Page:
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Don’t be so scared of Medicare for All

Robert Reich, professor of public policy | November 22, 2019

Republicans and even some Democrats are out to scare you about Medicare for All. They say it’s going to dismantle health care as we know it and it will cost way too much. Rubbish. The typical American family now spends $6,000 on health insurance premiums each year. Add in the co-payments and deductibles that doctors, … Continue reading »

TNR’s Jonathan Cohn makes an important point on reconciliation

Ken Jacobs, chair, UC Berkeley Center for Labor Research and Education | February 26, 2010

At yesterday’s bi-partisan health summit, Republicans repeatedly called on the Democrats not to use budget reconciliation to finalize the bill. John McCain said that doing so would have “cataclysmic effects“. Jonathan Cohn at TNR makes an important point: If the House votes for health care reform, it will do so by passing the “Patient Protection … Continue reading »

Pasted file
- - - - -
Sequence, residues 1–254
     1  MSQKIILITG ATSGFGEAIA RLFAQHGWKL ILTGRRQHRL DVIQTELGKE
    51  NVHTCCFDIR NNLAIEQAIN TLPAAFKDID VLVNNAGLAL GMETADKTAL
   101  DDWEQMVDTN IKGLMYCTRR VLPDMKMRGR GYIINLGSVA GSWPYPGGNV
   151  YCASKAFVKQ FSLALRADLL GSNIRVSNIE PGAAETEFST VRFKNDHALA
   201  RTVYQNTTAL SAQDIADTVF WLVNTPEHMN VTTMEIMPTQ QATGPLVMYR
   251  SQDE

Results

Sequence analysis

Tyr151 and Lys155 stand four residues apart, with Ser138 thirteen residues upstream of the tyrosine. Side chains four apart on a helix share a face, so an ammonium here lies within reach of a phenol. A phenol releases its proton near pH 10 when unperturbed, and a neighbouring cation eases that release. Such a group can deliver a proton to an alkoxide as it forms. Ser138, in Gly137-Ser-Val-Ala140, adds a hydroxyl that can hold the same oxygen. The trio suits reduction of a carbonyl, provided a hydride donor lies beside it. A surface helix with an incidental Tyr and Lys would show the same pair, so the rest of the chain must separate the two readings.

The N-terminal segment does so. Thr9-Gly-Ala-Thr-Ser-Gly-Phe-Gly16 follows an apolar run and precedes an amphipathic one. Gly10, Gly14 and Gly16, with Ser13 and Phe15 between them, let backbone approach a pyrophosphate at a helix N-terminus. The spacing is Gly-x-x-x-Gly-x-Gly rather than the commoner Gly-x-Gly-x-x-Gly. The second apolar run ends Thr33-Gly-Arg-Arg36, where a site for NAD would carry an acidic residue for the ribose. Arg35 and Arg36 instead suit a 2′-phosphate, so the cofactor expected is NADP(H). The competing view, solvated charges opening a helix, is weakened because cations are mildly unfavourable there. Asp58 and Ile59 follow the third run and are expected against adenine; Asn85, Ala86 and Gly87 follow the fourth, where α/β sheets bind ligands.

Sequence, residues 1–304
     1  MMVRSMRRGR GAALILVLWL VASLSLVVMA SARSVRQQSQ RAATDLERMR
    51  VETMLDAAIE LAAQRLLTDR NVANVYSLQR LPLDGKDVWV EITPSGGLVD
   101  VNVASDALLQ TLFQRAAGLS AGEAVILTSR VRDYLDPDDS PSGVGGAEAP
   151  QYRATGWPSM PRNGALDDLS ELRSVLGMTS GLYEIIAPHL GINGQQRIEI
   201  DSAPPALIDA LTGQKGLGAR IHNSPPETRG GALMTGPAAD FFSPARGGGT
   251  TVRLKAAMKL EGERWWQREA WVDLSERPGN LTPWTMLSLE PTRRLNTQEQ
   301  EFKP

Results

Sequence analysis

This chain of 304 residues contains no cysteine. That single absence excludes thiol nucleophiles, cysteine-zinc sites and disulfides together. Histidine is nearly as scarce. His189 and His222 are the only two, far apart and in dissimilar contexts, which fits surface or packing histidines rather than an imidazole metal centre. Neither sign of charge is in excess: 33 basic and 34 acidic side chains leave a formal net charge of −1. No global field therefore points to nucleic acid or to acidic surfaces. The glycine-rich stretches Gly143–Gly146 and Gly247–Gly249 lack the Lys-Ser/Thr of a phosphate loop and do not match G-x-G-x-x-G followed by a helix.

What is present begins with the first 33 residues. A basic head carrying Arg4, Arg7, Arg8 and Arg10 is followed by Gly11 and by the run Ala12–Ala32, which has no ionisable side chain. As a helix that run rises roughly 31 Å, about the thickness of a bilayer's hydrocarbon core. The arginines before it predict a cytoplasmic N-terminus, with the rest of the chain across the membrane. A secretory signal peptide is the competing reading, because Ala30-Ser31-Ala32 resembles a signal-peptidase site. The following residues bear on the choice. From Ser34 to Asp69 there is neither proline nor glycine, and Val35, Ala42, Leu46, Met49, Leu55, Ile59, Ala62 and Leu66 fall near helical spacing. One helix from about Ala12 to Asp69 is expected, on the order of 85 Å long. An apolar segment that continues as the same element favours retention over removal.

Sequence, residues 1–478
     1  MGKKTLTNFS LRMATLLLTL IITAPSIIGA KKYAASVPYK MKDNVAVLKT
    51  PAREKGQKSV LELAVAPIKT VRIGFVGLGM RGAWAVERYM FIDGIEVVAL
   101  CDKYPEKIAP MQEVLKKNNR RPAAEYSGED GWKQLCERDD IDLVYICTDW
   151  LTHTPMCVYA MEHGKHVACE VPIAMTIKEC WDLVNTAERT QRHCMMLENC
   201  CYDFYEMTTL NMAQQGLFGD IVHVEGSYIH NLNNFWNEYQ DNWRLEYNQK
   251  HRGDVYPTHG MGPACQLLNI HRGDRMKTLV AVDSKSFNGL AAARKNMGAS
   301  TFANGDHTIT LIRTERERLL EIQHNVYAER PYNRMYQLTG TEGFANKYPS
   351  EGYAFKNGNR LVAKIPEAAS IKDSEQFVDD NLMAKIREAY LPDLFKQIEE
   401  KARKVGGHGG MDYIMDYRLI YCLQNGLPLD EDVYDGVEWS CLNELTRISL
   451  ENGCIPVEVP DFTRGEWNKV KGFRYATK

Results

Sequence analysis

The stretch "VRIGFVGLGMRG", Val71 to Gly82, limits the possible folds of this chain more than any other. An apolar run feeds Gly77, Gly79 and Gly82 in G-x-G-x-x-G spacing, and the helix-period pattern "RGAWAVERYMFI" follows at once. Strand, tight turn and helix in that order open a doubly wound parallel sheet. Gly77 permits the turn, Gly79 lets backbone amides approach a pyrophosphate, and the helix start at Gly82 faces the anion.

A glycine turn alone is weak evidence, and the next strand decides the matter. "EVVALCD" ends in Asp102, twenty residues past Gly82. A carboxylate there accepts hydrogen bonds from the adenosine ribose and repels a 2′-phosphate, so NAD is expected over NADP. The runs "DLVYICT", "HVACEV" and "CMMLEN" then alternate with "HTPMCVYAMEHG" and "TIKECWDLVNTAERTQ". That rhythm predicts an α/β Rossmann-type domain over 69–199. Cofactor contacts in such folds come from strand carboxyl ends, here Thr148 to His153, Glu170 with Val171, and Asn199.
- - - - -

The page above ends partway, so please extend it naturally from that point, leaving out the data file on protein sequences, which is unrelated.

Slouching Toward Health Care Reform

Robert Reich, professor of public policy | December 20, 2009

“Don’t make the perfect the enemy of the better,” says the President and congressional insiders when confronted with the sorry spectacle of a health-care bill whose scope and ambition continue to shrink, and whose long-term costs to typical Americans continue to grow. They’re right, of course. But by the same logic, neither the White House … Continue reading »

A step forward

Ken Jacobs, chair, UC Berkeley Center for Labor Research and Education | December 18, 2009

The health care proposals under consideration would take an important step towards expanding access to affordable health care for all Americans.  Both the House and the Senate bills would reform the health insurance market so that no one could be denied coverage or charged higher prices based on pre-existing conditions. They place new standards on … Continue reading »

Call in the Economists!

Stephen Maurer, Adj. Em. Prof. of Public Policy | December 17, 2009

The health care debate has so far produced remarkably little in the way of cost-saving strategies.  Instead, there has been a kind of placeholder claim that “single payer” will do the job.  Certainly, it is not hard to see how “single payer” will cut prices for some people.  After all, when hospitals treat the uninsured … Continue reading »